House Subcommittee Releases Its Releases Recommended FY20 Funding for Runaway and Homeless Youth (RHY)

House Subcommittee Releases Its Releases Recommended FY20 Funding for Runaway and Homeless Youth (RHY)

 

The House Labor-Health and Human Services-Education Appropriation Subcommittee (LHHS) has recommended $147,421,000 for Runaway and Homeless Youth (RHY) programs in Fiscal Year 2020. This recommendation represents a $20 million increase over FY19’s enacted level and more than $28 million above the Administration’s request.

If enacted into law, this would represent the largest increase for RHY programs in more than a decade.

The LHHS Subcommittee report also includes language supporting, “the ability of [RHY] grantees to provide prevention services, such as counseling and case management, regardless of enrollment in residential services.” Furthermore, the report reinforces the requirement that RHY grantees report data to the RHY-Homeless Management Information Systems (HMIS) and the Subcommittee strongly encourages the Administration for Children and Families to continue providing technical assistance to support RHY programs through this transition.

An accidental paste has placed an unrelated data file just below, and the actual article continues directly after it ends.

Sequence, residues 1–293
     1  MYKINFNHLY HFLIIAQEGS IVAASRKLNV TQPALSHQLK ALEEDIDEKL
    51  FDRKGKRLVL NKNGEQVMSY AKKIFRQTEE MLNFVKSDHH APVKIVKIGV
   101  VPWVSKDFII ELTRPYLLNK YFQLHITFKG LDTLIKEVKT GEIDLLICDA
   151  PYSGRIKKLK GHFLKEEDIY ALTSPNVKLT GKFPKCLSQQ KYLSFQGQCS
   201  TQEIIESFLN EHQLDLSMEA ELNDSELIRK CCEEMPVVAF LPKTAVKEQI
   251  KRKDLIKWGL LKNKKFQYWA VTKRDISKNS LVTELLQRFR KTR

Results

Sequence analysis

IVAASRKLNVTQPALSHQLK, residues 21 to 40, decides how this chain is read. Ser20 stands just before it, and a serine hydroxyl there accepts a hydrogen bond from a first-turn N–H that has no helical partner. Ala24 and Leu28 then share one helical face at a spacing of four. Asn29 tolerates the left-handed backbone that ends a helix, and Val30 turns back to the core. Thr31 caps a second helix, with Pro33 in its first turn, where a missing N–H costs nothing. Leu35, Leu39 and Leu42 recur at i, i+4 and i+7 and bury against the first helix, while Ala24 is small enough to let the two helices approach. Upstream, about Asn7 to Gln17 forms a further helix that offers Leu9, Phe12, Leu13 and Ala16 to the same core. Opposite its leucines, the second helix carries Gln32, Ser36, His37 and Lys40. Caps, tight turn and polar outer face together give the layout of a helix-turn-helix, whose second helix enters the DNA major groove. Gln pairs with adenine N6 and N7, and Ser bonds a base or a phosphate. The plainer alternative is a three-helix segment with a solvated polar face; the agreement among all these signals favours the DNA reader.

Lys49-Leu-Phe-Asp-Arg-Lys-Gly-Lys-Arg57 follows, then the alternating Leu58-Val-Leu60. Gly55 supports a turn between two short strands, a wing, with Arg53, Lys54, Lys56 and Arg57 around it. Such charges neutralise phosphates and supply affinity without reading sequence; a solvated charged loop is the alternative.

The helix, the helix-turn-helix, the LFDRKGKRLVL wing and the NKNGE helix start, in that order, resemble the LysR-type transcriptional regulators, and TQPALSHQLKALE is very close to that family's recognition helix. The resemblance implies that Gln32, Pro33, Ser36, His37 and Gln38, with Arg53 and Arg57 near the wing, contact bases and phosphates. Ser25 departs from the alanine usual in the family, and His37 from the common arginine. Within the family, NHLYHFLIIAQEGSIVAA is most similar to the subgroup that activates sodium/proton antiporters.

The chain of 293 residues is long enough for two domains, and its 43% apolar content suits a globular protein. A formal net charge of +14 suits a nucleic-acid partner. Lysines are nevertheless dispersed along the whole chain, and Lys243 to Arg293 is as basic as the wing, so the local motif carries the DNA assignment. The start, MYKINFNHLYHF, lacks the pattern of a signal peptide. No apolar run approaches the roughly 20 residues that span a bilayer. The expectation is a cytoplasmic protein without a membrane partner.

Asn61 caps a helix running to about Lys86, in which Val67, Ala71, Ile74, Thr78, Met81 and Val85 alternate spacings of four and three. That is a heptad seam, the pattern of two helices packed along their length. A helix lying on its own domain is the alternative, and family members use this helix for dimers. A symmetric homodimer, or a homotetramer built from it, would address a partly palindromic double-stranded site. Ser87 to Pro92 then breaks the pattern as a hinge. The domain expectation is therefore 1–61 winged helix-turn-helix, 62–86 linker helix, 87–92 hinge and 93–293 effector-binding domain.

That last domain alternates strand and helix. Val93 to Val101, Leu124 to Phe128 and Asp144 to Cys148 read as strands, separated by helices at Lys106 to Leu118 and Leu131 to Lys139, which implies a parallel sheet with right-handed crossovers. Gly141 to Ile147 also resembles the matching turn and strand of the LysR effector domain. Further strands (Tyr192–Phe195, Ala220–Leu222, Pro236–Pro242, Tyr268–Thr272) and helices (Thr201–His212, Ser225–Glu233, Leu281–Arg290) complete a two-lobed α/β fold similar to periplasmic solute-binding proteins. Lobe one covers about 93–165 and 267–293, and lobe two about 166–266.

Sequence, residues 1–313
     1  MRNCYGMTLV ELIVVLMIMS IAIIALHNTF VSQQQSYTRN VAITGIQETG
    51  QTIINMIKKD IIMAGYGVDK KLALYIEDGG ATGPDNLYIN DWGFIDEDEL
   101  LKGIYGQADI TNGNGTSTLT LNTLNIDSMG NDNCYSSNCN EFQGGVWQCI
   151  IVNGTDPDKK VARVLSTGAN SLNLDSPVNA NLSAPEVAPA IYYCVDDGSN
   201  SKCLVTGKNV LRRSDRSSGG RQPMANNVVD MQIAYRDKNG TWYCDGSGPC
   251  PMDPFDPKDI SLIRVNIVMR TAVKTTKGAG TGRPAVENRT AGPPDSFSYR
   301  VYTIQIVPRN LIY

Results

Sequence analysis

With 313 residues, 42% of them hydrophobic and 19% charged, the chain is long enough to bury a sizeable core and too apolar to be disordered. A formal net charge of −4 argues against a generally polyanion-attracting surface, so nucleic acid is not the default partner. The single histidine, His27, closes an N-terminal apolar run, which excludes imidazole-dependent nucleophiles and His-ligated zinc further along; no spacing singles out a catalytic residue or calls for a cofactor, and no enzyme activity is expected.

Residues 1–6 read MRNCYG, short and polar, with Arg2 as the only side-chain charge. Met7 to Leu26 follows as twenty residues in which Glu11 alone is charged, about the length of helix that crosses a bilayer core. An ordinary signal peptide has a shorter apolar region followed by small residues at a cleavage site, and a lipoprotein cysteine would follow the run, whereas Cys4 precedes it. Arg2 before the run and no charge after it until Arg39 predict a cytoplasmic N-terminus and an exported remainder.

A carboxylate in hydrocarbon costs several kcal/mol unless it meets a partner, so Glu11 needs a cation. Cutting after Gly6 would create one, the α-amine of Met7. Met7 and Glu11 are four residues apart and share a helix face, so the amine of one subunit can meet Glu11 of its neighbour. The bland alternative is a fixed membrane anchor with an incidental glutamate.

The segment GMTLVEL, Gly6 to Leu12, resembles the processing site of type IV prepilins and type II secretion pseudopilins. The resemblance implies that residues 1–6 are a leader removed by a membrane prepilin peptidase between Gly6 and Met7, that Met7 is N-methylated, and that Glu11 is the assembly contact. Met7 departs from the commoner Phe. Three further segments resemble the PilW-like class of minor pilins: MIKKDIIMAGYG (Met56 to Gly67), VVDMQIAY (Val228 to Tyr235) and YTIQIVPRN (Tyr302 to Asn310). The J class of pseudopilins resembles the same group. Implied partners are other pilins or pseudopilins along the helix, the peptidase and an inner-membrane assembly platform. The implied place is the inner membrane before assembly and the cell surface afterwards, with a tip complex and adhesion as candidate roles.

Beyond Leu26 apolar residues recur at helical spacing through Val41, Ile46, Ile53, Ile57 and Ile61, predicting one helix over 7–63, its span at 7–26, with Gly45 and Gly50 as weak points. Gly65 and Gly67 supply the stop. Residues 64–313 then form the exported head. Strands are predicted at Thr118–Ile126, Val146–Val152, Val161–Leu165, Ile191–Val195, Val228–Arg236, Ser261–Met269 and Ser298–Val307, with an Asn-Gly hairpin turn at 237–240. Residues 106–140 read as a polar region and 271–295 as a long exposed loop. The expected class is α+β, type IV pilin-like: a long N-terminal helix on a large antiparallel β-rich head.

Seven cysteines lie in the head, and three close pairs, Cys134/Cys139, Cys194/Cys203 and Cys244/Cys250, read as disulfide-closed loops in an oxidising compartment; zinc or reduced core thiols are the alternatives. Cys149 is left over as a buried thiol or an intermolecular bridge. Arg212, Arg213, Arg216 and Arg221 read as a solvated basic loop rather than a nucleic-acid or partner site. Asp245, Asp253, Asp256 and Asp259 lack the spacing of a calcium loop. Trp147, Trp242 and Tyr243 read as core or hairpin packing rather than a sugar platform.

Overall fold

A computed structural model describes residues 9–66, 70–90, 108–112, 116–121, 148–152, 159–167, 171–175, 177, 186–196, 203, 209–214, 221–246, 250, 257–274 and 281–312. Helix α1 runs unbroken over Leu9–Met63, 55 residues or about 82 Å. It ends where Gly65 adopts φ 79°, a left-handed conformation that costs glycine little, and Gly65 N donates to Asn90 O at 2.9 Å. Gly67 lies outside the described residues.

Additionally, the report recommends $100 million for the Education for Homeless Children and Youth Program, which is $6.5 million more than the Fiscal Year 2019 enacted level and the President’s FY2020 request.

It is important to remember that these recommended funding levels are only one step in a long process. Tomorrow, May 8, the full House Appropriations Committee will vote on the Subcommittee’s bill and report. Assuming the bill passes, it must subsequently be approved by the House, reconciled with the still to-be-determined Senate recommendation, and signed by the President to be enacted into law.

That said, Youth Collaboratory is tremendously pleased and grateful for the House’s increased funding for RHY. We thank the bipartisan congressional champions and our terrific network of Youth Collaboratory members who continue to speak up on behalf of our nation’s most vulnerable youth. We have more work to do, and we look forward to continuing to fight to end youth homelessness.